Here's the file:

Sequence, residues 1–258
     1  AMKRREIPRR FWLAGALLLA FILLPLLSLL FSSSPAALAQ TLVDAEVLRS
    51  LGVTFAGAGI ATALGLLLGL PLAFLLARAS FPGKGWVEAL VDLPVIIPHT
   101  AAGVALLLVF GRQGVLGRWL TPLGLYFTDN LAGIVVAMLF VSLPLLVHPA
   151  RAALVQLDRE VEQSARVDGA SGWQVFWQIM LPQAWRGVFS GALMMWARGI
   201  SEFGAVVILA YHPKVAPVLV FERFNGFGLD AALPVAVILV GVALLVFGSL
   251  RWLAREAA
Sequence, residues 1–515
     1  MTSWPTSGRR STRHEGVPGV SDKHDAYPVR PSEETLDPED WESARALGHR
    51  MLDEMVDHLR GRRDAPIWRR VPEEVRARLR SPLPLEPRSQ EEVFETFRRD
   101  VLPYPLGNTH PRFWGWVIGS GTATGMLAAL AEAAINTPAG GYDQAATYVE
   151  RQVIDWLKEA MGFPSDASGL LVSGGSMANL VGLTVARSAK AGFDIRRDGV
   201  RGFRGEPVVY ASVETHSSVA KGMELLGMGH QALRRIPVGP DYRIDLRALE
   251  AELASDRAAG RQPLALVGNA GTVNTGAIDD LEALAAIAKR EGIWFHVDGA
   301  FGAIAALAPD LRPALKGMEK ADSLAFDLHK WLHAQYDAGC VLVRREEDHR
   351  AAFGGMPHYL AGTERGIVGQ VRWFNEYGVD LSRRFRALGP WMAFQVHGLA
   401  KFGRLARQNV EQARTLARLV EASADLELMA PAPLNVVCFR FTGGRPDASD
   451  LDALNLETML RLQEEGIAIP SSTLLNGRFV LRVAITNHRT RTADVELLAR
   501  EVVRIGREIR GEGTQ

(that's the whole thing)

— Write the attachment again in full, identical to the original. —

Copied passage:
Sequence, residues 1–258
     1  AMKRREIPRR FWLAGALLLA FILLPLLSLL FSSSPAALAQ TLVDAEVLRS
    51  LGVTFAGAGI ATALGLLLGL PLAFLLARAS FPGKGWVEAL VDLPVIIPHT
   101  AAGVALLLVF GRQGVLGRWL TPLGLYFTDN LAGIVVAMLF VSLPLLVHPA
   151  RAALVQLDRE VEQSARVDGA SGWQVFWQIM LPQAWRGVFS GALMMWARGI
   201  SEFGAVVILA YHPKVAPVLV FERFNGFGLD AALPVAVILV GVALLVFGSL
   251  RWLAREAA
Sequence, residues 1–515
     1  MTSWPTSGRR STRHEGVPGV SDKHDAYPVR PSEETLDPED WESARALGHR
    51  MLDEMVDHLR GRRDAPIWRR VPEEVRARLR SPLPLEPRSQ EEVFETFRRD
   101  VLPYPLGNTH PRFWGWVIGS GTATGMLAAL AEAAINTPAG GYDQAATYVE
   151  RQVIDWLKEA MGFPSDASGL LVSGGSMANL VGLTVARSAK AGFDIRRDGV
   201  RGFRGEPVVY ASVETHSSVA KGMELLGMGH QALRRIPVGP DYRIDLRALE
   251  AELASDRAAG RQPLALVGNA GTVNTGAIDD LEALAAIAKR EGIWFHVDGA
   301  FGAIAALAPD LRPALKGMEK ADSLAFDLHK WLHAQYDAGC VLVRREEDHR
   351  AAFGGMPHYL AGTERGIVGQ VRWFNEYGVD LSRRFRALGP WMAFQVHGLA
   401  KFGRLARQNV EQARTLARLV EASADLELMA PAPLNVVCFR FTGGRPDASD
   451  LDALNLETML RLQEEGIAIP SSTLLNGRFV LRVAITNHRT RTADVELLAR
   501  EVVRIGREIR GEGTQ